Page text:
16. 16. Researchers at WorkName of Research Paper and Topic of interest:Names of Group Members:Abstract or Summary of Paper:What was the hypothesis, goal, or assumption that wasstated:How results gathered and what were the results? Whattools were used?What was the conclusion:Any interesting ideas or facts?:
  17. 17. Other Connections• Podcasts• Music• Visual and Performing Arts• Creative Writing• Video Production• Education• Independent Projects
  18. 18. An Education Revolution http://eol.org/
  19. 19. http://fieldguides.eol.org/?cmd=login
  20. 20. http://www.flickr.com/
  21. 21. Student Response“EOL is easy to use and has tons of information about living things. Its reallyhelpful for school projects.” Peyton L. 7th“EOL is so helpful for school projects and for learning about all things natural!Someone did a great job creating this website!!” Kevin S. 7th"EOL is a great source of information for aspiring naturalists.” Grace C. 7th“The inaturalist mobile app, working with EOL, is very helpful, especially if youhave a built in GPS. The great thing about the mobile app is that if you are inthe field, you can use it as a great alternative to your field notebook. Kevin S.7th "Its very fun to use and helps me a lot with my observations, I like themaps.“ Jimmy T, 7th
  22. 22. Student Response“I am so excited to use this amazing website. It has become the single mosthelpful tool in my studies. Every time I need information about nearly anyspecies, I can go to EOL and get far more information than I need. They givesuch exquisite details on the most specific of species. From information aboutthe habitat to the diet to the reproduction, EOL tells it all. Thanks, EOL, forgiving me the guidance and information I need to become a new and bloomingnaturalist.” Ben B 7th“EOL is an amazing website. It has helped me get a lot of work done. Lastly, Iwould recommend this great tool to anybody needing help with their studies ofliving things.” Ryan B. 7th“Eol is an amazing website that is very useful when looking up information onspecies. I love how they give location maps, paragraphs, and diagrams, foreach species.” Merry S. 7th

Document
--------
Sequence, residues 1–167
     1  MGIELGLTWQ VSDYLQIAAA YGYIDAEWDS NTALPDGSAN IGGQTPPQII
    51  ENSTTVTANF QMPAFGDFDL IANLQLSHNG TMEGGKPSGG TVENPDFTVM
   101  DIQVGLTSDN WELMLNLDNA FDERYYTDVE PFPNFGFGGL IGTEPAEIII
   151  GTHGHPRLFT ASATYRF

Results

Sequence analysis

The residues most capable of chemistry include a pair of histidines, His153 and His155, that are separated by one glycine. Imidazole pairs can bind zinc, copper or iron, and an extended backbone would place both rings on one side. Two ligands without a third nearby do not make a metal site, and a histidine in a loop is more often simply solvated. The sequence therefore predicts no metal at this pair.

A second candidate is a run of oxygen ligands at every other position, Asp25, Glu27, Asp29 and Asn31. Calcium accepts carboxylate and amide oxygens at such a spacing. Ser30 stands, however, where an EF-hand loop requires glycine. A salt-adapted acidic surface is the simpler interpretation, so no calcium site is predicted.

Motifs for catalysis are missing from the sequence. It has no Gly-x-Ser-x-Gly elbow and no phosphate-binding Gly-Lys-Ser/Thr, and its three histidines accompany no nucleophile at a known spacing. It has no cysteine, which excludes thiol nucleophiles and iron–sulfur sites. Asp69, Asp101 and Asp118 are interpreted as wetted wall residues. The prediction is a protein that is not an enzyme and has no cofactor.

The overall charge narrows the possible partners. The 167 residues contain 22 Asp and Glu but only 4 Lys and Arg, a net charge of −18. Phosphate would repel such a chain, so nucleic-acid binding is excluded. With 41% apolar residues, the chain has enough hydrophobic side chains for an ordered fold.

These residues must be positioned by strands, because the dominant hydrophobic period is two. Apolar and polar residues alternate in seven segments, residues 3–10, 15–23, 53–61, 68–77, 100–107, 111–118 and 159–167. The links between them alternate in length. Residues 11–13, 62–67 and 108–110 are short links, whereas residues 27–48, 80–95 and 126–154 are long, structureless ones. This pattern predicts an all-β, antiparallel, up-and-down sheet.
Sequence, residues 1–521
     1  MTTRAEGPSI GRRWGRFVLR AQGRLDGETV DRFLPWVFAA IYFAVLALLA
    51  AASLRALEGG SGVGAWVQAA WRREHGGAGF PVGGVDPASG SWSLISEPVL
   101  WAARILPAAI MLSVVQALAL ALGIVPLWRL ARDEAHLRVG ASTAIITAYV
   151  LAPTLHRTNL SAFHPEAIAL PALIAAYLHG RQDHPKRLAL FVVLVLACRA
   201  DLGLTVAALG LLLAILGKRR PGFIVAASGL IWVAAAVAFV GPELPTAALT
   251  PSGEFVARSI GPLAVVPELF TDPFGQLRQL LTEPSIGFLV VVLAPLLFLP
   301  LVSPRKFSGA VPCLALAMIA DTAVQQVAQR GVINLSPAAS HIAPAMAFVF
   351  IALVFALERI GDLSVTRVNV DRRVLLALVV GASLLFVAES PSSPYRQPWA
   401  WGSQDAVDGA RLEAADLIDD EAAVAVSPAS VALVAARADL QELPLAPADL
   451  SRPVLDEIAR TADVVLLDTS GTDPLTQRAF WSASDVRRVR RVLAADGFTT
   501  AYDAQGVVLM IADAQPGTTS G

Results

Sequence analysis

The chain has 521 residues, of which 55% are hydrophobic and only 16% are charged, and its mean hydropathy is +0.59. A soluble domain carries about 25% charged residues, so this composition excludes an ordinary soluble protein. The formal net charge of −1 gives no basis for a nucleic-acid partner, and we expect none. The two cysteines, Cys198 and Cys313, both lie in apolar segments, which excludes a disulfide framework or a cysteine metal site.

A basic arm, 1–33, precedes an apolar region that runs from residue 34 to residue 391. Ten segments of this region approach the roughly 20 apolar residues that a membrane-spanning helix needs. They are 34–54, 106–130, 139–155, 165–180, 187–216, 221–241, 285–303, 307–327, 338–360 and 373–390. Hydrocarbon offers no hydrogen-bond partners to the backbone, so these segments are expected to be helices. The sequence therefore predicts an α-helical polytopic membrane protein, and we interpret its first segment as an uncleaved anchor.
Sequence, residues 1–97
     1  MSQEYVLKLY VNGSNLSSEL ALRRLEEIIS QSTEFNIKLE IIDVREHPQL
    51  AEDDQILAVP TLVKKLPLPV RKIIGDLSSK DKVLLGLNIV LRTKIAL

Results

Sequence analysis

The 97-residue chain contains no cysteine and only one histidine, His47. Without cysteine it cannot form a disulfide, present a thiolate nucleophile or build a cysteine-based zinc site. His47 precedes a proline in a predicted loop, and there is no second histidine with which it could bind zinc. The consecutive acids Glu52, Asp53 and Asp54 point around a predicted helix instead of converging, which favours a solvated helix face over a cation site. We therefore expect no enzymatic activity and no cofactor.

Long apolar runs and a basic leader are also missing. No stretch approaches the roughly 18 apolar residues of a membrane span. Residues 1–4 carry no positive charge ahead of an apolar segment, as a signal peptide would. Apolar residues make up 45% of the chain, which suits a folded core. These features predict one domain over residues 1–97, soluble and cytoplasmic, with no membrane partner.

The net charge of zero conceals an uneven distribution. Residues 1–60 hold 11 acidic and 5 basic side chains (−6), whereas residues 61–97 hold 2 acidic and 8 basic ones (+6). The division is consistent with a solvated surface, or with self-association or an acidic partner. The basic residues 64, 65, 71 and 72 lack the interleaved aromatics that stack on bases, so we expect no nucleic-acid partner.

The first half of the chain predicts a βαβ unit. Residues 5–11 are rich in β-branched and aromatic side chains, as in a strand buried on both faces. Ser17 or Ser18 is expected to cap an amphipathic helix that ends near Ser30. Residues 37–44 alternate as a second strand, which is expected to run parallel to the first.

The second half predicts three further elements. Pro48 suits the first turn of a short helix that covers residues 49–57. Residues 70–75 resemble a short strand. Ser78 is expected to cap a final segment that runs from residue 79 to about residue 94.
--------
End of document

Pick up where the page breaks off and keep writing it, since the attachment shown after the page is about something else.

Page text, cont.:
23. 23. Seminar Directions1. Introduction You can start with a short description of the “topic” concerning the area of your naturalist discipline. Then introduce your problem by giving some literature review of what has been said about it2. Fundamentals of it (What are interesting facts, who is involved, what does it tell us)3. Any research ideas you have4. Concluding remarks / Summary
  24. 24. Examples of Topic Areas• Animals: defense, extinction, migration, habitats• Insects : pheromones, pesticides, plant interactions, invasive and native• Birds: distribution, songs, migration routes, effects of wind power• Trees: old growth forests, deforestation, fungus, rot, protection• Plants: medicinal uses, history of, poisonous, edible• Rocks: sources of fuel, gems, building structures, ground water
  25. 25. Lesson 10: Let’s Get to WorkThe following is the assignment for the finalproject and accompanying assessment. It shouldbe the judgment of the teacher as to when toassign it and have students begin this final work.It will be prefaced by some outdoor field workwhich will serve as the preparation for the project.As you will see, there is great choice and varietyin terms of the naturalist area chosen, themedium for the product, and the audience forwhich it will be presented. As with all otherchoices and assignments, it must come from theheart of the student.
  26. 26. Part 1: SELECTION OF A ROLEThis part relates directly to your naturalist discipline. ROLES Geologist Botanist Zoologist Biologist Entomologist Ecologist OTHER Part 2: SELECTION OF A FORMATThis part relates to how you will present your findings, share your personal voice, andseek to educate someone else, your audience.